How do we identify with oxen and yokes? I haven’t seen them in use for decades from when I was a kid and would drive through Amish farms in Indiana. Well, they used draft horses in harnesses--that’s as close as I can get to a yoke. I would attend horse pulls--again, draft horses, not oxen. Harnesses, not yokes.
William Barclay wrote a bit about yokes: that the wood yokes used for oxen were carefully fitted so the animals would be comfortable in them. The ox would be measured and a rough yoke made, then it would be further fitted to the individual animal so that the yoke didn’t rub the shoulders and neck of the animal and the burden would seem lighter. Barclay further noted that there is a legend that Jesus had been a maker of yokes when he lived in Nazareth. Maybe the sign above his door read, “My yokes fit well.” Jesus is quoted in the Greek as saying, “My yoke is easy.” Translating the word “easy” from “chrestos” which means well-fitting. Perhaps what Jesus is saying here is that the burdens Christ gives us aren’t meant to chafe us but are made to measure to fit us.
Now let’s look at poor Paul here who seems to be in an eternal struggle with sin. As I have mentioned before, Paul had a real penchant for listing as many sins as he could imagine but here he laments a lack of self-control. My Oxford Bible commentary suggests Paul is speaking of a hypothetical “I” because earlier in this same letter, he notes that Christians have been freed from the need to sin--that their sinful nature was crucified with Christ. I’m not suggesting that Paul didn’t struggle like everyone else. I do believe he is saying that without Jesus it is impossible to do the good we all really want to do.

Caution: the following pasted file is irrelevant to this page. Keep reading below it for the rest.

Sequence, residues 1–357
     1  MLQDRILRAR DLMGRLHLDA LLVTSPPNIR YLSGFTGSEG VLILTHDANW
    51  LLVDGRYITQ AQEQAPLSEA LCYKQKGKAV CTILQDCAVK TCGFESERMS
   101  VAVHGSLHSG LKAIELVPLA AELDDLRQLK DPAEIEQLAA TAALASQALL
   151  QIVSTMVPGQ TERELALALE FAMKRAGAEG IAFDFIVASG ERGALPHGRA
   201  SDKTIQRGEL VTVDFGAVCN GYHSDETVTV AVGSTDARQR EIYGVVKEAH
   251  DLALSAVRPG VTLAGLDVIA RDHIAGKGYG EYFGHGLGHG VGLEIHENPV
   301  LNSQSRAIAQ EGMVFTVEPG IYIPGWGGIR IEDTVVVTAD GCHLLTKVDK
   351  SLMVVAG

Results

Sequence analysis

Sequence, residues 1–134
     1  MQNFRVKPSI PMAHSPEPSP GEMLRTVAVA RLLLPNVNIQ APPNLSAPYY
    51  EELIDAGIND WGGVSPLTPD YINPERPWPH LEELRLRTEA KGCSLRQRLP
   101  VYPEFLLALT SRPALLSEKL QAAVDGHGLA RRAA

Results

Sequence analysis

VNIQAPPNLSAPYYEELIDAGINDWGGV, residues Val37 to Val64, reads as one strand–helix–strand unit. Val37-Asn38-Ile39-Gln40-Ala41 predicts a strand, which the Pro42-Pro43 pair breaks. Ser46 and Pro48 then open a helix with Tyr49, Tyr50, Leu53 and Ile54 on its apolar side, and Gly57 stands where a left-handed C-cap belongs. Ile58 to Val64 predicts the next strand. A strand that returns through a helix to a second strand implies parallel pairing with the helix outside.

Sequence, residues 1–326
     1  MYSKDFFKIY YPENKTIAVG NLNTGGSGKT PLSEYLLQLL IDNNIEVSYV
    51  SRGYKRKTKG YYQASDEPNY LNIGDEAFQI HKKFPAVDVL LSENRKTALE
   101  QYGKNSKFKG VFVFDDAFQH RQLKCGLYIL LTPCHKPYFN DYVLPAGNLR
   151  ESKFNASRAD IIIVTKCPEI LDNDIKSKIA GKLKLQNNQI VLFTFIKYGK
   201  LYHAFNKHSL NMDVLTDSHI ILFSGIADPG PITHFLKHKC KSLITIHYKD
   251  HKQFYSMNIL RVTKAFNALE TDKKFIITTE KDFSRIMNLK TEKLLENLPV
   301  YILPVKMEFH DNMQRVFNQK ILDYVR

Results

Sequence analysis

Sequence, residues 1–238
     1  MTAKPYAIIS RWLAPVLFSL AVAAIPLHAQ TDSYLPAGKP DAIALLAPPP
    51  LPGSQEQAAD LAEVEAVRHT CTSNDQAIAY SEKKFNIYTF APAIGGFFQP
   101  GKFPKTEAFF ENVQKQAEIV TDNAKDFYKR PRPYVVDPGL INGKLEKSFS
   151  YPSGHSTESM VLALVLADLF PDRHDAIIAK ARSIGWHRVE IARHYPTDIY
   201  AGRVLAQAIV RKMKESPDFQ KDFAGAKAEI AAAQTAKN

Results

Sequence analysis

From The Message: “So if I can’t be trusted to figure out what is best for myself and then do it, it becomes obvious that God’s command is necessary. But I need something more! …if the power of sin within me keeps sabotaging my best intentions, I obviously need help! … I can will it, but I can’t do it. … My decisions, such as they are, don’t result in actions. Something has gone wrong deep within me and gets the better of me every time. It happens so regularly that it’s predictable. …I truly delight in all God’s commands, but it’s pretty obvious that not all of me joins in that delight. Parts of me covertly rebel, and just when I least expect it, they take charge… I’m at the end of my rope. Is there no one who can do anything to help me? Isn’t that the real question? The answer, thank God, is that Jesus Christ can and does.” Paul is truly making a point here, placing himself in the shoes of some lost and confused soul who does not know about Jesus.
And, in the reading from Matthew, Jesus is saying something similar to Paul. He laments the folks who will always find fault with whomever they see and hear-that whatever is offered they will find it flawed in some way so they don’t have to act on what they have seen and heard. Similar to rejecting scientific evidence and peer-reviewed studies of global climate change so there is no need to act on the information. Paul wrote of the lack of action on the part of this hypothetical person who is unable to do the good he would love to do or avoid the bad that does harm to himself and others.